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Joseph Stalin


Stalin, Joseph -- At five feet, five inches in height, Joseph Stalin was the small, unassuming-looking dictator of the Soviet Union. Yet he was the absolute ruler of some 180 million people, whose empire spanned across Europe and Asia from Poland to the Pacific Ocean. After suffering humiliating defeats by Adolph Hitler on the Russian front in 1941 - 1942, Stalin's Red Army systematically vanquished the Nazis in Eastern Europe as far west as Berlin. At the Potsdam Conference in July 1945, when an American mentioned this achievement, Stalin replied matter-of-factly that Czar Alexander had gotten to Paris. Inevitably, Stalin's allies were left to decipher his postwar intentions. Soviet expansionism lurked behind them all and was the political motive that prevented the Russians from engaging in meaningful peace agreements.

In Moscow in 1947, Secretary of State George Marshall found Stalin to be "completely evasive" about substantive issues, while maintaining a calm and gracious exterior. "Stalin's greatness as a dissimulator was an integral part of his greatness as a statesman," wrote Russian expert George Kennan. "An unforewarned visitor would never have guessed what depths of calculation, ambition, love of power, jealousy, cruelty, and sly vindictiveness lurked behind this unpretentious facade." Text and photo Courtesy of the National Portrait Gallery

Rare War Dated Typed Letter Signed provided by the Collection

Stalin Letter Scan 1

Stalin Letter Scan 2

Certified Translation Letter Scan 1

Certified Translation Letter Scan 2


In June 1942, the Germans launched a new drive directed against Stalingrad (now called Volgograd) and the Caucasus petroleum fields. In the midst of this counteroffensive Stalin took the time to answer three pointed questions about US-Soviet relations just before the turning point of World War II.

 Less than three months after this letter was written Stalingrad held out, and on Feb. 2, 1943 the surrender of 330,000 Axis troops there marked a turning point in the war.

 This exceptional war dated Stalin letter comes with a certified translation by N. Palgunov, the Chief Press Department, of the People’s Commissariat of Foreign Affairs.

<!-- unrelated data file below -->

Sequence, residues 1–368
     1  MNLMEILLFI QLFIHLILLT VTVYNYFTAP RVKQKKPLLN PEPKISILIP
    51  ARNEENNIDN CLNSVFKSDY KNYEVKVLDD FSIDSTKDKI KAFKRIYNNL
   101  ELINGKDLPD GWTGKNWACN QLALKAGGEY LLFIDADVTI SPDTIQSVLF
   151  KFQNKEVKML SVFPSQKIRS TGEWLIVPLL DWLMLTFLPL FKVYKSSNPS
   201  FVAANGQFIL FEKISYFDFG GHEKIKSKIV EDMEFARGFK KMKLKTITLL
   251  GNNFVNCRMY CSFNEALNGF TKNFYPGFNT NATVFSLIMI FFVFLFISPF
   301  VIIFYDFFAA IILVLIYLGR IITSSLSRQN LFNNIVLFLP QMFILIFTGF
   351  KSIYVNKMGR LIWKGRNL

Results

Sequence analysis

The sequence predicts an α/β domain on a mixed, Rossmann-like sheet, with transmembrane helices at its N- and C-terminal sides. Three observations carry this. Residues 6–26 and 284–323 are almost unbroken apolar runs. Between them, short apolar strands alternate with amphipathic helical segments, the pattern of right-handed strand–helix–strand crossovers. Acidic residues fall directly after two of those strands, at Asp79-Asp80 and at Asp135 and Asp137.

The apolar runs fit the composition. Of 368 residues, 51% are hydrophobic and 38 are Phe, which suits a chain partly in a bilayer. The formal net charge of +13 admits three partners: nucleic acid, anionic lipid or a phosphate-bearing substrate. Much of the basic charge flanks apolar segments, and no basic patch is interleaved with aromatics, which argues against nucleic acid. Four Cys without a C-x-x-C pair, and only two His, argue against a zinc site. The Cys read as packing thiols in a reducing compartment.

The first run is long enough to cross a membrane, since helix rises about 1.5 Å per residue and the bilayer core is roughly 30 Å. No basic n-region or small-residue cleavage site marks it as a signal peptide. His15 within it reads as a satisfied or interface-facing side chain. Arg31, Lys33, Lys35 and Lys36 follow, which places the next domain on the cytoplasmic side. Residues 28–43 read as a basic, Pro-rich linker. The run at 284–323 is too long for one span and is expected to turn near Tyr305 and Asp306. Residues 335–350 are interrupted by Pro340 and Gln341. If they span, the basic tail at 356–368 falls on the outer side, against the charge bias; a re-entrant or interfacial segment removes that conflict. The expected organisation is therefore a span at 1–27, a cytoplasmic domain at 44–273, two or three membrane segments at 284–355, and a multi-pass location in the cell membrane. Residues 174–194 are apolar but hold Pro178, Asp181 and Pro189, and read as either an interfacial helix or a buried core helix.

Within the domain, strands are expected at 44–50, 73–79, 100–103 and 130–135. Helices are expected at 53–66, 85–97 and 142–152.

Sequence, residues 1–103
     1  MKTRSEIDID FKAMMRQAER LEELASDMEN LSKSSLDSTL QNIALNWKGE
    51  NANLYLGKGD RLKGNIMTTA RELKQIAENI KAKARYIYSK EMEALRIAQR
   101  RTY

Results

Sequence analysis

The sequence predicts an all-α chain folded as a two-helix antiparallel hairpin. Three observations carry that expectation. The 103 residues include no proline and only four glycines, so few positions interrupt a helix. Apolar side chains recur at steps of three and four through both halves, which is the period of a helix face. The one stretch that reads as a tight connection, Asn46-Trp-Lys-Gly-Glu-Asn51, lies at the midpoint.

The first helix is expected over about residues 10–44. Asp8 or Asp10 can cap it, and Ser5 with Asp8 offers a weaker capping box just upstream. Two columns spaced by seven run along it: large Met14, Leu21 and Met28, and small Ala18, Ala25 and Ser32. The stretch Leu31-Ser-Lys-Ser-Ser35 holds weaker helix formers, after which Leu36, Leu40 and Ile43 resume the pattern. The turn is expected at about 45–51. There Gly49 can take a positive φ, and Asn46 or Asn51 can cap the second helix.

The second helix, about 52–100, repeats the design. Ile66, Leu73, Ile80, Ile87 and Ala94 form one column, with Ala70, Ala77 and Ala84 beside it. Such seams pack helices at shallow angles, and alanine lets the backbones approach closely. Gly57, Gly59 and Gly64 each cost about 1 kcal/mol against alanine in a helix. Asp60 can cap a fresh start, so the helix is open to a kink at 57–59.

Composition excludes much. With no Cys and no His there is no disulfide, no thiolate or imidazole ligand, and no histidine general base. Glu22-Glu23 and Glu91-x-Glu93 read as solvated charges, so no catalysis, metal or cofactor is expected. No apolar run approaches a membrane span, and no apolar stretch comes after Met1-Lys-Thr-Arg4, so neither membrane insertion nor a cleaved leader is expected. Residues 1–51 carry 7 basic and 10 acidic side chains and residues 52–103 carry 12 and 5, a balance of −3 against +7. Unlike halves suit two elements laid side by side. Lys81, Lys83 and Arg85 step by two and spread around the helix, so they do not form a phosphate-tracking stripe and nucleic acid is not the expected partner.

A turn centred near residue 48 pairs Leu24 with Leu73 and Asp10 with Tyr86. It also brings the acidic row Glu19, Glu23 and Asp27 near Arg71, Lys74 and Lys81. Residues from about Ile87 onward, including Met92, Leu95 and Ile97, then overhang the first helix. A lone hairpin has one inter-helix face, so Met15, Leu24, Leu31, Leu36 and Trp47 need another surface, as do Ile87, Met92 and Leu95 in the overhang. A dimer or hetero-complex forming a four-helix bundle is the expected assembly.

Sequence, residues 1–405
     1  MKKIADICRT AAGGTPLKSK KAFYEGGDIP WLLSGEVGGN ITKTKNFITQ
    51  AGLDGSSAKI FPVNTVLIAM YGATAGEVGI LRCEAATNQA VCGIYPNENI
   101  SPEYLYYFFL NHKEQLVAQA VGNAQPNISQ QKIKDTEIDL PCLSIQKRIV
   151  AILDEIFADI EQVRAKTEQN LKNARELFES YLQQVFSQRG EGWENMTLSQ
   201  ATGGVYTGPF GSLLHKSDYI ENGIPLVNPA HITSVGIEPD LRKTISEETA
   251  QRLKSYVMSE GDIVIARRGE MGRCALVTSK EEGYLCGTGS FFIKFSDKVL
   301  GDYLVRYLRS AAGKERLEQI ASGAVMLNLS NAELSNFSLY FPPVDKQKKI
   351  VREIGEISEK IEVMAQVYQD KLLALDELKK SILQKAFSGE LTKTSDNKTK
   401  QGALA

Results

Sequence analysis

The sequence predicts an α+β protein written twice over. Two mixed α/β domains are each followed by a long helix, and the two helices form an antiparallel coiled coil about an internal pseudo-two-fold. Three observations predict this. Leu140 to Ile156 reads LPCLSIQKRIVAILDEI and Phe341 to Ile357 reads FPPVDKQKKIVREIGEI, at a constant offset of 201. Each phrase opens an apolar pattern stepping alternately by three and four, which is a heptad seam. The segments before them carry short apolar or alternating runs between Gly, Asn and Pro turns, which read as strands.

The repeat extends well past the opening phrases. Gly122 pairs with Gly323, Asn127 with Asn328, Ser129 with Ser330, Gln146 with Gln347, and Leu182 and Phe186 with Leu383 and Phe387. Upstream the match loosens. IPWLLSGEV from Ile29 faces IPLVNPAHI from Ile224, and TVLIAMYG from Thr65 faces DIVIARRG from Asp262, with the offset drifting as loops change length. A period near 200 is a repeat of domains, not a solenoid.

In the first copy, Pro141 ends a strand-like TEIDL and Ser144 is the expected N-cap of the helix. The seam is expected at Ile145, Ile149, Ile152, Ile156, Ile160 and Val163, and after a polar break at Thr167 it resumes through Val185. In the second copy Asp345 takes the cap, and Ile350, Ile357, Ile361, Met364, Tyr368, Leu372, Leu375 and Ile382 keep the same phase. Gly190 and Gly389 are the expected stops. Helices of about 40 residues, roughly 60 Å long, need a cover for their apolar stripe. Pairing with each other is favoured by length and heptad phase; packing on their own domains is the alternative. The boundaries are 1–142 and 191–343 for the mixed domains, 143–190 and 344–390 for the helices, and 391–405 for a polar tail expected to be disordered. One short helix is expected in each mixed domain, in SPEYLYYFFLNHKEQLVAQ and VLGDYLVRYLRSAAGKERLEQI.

Stalin, Joseph - A Joseph Stalin Typed Letter Signed  with a Nikolai Grigoriyevich Palgunov War date translation of a November 13, 1942 letter by Stalin to Howard Cassidy of the Associated Press, a T.L.S. "N. Palgunov", Head of press department of People's Commissariat of Foreign Affairs of the USSR from 1940-44, 2pp. 4to. [n.p., n.d.] which was the official translation of Stalin's response letter to the Moscow correspondent for the Associated Press, a letter in which he asked for an answer, either verbally or in writing, to three questions of interest to the American public concerning the ongoing conflict. The Palgunov's translation reads: "1. 'What is the Soviet view of the allied campaign in Africa?' Answer. The Soviet view of this campaign is that it represents an outstanding fact of major importance demonstrating the growing might of the armed forces of the Allies and opening the prospective of disintegration of the Italo-German coalition in the nearest future. The campaign in Africa refutes once more the skeptics who affirm that the Anglo-American leaders are not capable of organizing a serious war campaign ... 2. 'How effective has this campaign been in relieving pressure on the Soviet Union, and what future raid does the Soviet Union await?' Answer. It is yet too soon to say to what an extent this campaign has been effective in relieving immediate pressure on the Soviet Union... the campaign changes radically the political and war situation in Europe in favor of the Anglo-Soviet-American coalition ... 3 'What possibility is there of Soviet offensive power in the East joining the Allies in the West to hasten final victory?' Answer. There need be no doubt that the Red Army will fulfill its task with honor as it has been fulfilling it throughout the war." 


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